JPMorgan faces criminal and civil probes over mortgages
(Reuters) - JPMorgan Chase & Co, the biggest U.S. bank by assets, said on Wednesday that it faces a criminal probe by the U.S. Department of Justice over sales of mortgage-backed securities and that civil investigators have already concluded it violated securities laws.
In a quarterly filing with the Securities and Exchange Commission, JPMorgan said it is responding to "parallel investigations" being conducted by the civil and criminal divisions of the United States Attorney's Office for the Eastern District of California over mortgage-backed securities.
In May, JPMorgan received a notice that the department's civil division had preliminarily concluded that the firm violated federal securities laws in offerings of subprime and Alt-A residential mortgage securities during 2005 to 2007, the filing said.
The company also said that it has received requests concerning mortgage securities from the U.S. attorney for Connecticut, the SEC's enforcement division and the inspector general for the government's primary bank bailout program.
A JPMorgan spokesman declined additional comment.
The disclosures came one day after government lawyers filed an $850 million civil lawsuit against Bank of America Corp over the sale of bonds backed by jumbo mortgages. The lawsuit followed a disclosure by Bank of America on August 1 that it expected to be sued by the Department of Justice and SEC over mortgage bonds.
News of the investigations comes after President Barack Obama vowed to hold companies responsible for breaking the law in financing the housing bubble that caused the 2007-2008 financial crisis and the Great Recession.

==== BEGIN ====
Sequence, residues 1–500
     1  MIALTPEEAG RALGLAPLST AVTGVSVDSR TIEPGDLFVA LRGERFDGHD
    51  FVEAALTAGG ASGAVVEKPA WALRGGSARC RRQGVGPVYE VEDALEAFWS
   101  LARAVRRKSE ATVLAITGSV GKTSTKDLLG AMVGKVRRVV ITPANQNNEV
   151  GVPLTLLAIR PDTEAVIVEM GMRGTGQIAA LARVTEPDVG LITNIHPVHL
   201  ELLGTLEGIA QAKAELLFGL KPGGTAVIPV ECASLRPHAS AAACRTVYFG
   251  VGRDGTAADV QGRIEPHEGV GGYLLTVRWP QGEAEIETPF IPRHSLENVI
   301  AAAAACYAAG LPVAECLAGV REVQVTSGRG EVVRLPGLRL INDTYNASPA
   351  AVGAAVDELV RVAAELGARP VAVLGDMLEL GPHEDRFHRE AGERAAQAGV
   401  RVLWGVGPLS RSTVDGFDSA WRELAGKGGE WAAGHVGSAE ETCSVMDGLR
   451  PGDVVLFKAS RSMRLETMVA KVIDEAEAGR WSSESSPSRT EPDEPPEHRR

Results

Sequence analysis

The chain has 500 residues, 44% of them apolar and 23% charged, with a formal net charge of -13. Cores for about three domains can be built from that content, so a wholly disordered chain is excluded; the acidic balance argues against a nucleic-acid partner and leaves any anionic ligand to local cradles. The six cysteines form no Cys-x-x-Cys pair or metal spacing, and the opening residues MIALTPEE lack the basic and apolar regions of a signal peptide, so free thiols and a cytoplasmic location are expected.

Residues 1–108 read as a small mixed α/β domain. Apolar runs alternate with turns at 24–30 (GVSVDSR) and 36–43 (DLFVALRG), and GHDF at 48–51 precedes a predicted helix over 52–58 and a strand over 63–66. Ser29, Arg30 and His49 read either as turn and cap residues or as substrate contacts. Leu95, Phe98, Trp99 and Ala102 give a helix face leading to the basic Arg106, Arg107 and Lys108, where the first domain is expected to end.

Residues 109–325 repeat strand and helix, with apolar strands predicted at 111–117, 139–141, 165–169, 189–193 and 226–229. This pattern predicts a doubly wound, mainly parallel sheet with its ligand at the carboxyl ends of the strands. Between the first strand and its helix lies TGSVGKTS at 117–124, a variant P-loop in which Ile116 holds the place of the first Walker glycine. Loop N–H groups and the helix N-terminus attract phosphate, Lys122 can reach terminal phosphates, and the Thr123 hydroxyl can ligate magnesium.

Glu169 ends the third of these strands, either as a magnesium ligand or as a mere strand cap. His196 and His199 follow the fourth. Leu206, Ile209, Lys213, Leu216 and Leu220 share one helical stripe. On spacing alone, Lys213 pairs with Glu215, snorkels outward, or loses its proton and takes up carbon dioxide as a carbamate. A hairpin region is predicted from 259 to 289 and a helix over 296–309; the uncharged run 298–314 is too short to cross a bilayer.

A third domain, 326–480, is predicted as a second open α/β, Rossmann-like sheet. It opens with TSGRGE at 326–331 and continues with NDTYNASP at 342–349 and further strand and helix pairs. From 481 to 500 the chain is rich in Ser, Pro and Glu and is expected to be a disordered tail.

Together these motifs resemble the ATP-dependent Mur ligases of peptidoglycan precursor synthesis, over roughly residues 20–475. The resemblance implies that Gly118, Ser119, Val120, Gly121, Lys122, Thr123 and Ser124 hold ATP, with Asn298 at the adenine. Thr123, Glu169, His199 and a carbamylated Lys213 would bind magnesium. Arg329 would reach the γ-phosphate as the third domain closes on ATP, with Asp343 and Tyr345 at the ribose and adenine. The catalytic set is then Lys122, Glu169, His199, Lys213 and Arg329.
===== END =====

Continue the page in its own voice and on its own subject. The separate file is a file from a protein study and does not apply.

U.S. Attorney General Eric Holder said in a statement on Tuesday that Obama's Financial Fraud Enforcement Task Force, which brought the latest lawsuit against Bank of America, "will continue to take an aggressive approach to combating financial fraud and uncovering abuses in the residential mortgage-backed securities market," and is pursuing "a range of additional investigations."
One of the major criticisms by homeowners, investors and politicians is that federal and state investigators have failed to bring criminal charges against high-level executives over lending and securitization activities that contributed to the housing and financial crises. No top executives at large Wall Street or commercial banks have been convicted of criminal charges related to the crises.
"Criminal probes of banks over MBS have been exceedingly rare," said Adam Levitin, a professor at Georgetown Law.
The Justice Department's Eastern District of California, where the probes are based, includes smaller cities in the state's Central Valley that were hard hit by collapsing house prices and mortgage foreclosures. The top prosecutor for the district is Ben Wagner, who is one of the leaders of the department's financial fraud task force and the co-chair of its mortgage group, according to a government website.
A spokesman for Wagner declined to comment.
In the filing, JPMorgan also said the U.S. Office of the Comptroller of the Currency has said it intends to seek an administrative order over how it had handled collections of consumer credit card debt.
The probes also come as JPMorgan is trying to restore its reputation for controlling risks after losing more than $6.2 billion in 2012 on its so-called "London Whale" derivatives trades.
In the filing, the company also raised its estimate of possible legal losses in excess of reserves to $6.8 billion at the end of June from $6 billion three months earlier.
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